With Iso-Seq Study, Scientists Reveal Complexity of Rabbit Transcriptome
Monday, August 28, 2017
A new paper in Scientific Reports presents results from a transcriptome analysis for Oryctolagus cuniculus. The work was done with SMRT Sequencing, which allowed scientists to discover novel transcripts and increase the diversity of known transcripts for the rabbit.
“A transcriptome atlas of rabbit revealed by PacBio single-molecule long-read sequencing” comes from lead authors Shi-Yi Chen and Feilong Deng, senior author Song-Jia Lai, and collaborators at Sichuan Agricultural University. In the paper, the scientists note that an ongoing challenge in rabbit studies has been the dearth of gene-level data. “Most of the existing gene models are just derived from in silico prediction with lack of the reliable annotation on alternative isoforms and untranslated regions,” they write.
The team turned to SMRT Sequencing to generate full-length transcripts and avoid the well-known assembly pitfalls of short-read transcript data. “We employ this technology to sequence polyadenylated RNAs of rabbit and provide a transcriptome-wide landscape in relation to gene models and alternative isoforms,” they report.
The scientists pooled and sequenced RNA samples from several organs and tissues collected from three New Zealand white rabbits. After filtering, they were left with more than 36,000 high-confidence transcripts from nearly 15,000 genes. That included quite a bit of novel information: “more than 23% of genic loci and 66% of isoforms have not been annotated yet within the current reference genome,” the scientists write. Their interest in alternative splicing was rewarded as well, with the final transcriptome containing nearly 25,000 alternative splicing events and more than 11,000 alternative polyadenylation events. Those numbers represent an order of magnitude more alternative splicing than was characterized in the reference gene models. The project also turned up a significant amount of non-coding RNAs, represented by 17% of transcripts.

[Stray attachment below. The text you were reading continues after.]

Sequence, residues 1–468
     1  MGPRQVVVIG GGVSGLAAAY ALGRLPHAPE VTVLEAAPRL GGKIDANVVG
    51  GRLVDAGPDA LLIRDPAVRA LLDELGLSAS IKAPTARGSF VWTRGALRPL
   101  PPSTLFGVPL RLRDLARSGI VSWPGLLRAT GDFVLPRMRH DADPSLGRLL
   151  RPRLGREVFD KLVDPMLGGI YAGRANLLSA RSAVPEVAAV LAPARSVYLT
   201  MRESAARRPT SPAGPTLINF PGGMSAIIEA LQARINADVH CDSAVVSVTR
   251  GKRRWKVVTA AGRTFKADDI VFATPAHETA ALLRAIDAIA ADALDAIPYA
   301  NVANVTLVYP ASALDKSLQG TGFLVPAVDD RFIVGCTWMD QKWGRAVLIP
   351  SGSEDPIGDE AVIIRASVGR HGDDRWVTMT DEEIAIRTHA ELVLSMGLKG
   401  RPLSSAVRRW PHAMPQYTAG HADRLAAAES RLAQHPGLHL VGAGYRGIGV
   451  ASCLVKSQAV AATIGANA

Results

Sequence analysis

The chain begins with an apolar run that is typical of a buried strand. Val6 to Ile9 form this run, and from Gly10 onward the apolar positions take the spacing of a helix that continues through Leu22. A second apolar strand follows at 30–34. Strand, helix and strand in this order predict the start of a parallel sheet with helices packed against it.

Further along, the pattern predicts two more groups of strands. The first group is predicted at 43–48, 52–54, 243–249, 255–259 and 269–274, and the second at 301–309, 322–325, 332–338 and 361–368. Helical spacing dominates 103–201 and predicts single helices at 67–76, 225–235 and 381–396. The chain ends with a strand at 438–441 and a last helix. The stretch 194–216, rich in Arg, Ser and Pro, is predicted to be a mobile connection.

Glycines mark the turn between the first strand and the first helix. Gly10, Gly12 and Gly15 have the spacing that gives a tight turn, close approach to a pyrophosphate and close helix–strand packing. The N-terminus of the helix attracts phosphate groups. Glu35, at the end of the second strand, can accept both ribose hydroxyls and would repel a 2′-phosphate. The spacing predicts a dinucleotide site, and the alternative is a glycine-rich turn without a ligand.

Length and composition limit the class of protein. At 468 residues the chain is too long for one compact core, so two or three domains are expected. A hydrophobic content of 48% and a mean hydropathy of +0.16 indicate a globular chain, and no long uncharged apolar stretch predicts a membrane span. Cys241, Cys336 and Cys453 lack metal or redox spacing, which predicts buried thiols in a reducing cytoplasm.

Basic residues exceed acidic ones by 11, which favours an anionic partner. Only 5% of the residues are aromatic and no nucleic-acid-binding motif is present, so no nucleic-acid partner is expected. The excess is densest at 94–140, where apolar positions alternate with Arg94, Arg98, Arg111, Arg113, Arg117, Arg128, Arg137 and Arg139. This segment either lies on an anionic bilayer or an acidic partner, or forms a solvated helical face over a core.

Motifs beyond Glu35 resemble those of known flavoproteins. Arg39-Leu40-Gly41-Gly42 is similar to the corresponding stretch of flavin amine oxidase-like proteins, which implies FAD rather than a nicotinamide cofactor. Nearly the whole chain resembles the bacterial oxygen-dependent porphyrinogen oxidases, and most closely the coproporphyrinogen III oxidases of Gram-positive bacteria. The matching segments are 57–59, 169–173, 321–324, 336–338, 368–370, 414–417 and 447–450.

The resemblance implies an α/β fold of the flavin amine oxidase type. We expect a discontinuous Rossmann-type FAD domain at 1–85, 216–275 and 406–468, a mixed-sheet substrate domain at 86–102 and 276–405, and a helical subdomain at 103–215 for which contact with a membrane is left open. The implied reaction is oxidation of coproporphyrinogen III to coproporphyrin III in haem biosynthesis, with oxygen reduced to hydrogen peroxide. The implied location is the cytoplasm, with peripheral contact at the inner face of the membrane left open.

The scientists followed up on these findings with several validation studies, including an analysis of genes in the major histocompatibility complex. Their analysis demonstrates “the obviously improved power of PacBio transcripts for recovering the highly homologous sequences among ten MHC genes than the assembled transcripts from short reads,” they report.
According to the paper, scientists achieved their mission of more thoroughly characterizing the rabbit transcriptome. “The length distribution of the most 5′ exons of our PacBio transcripts is consistent with former report in human,” they write, “which would indicate the comparable sequencing completeness in rabbit.”
We’re looking forward to the discussion of many more vertebrate species’ genomes at the upcoming Genome 10K and Genome Science Conference 2017 hosted this week by The Earlham Institute.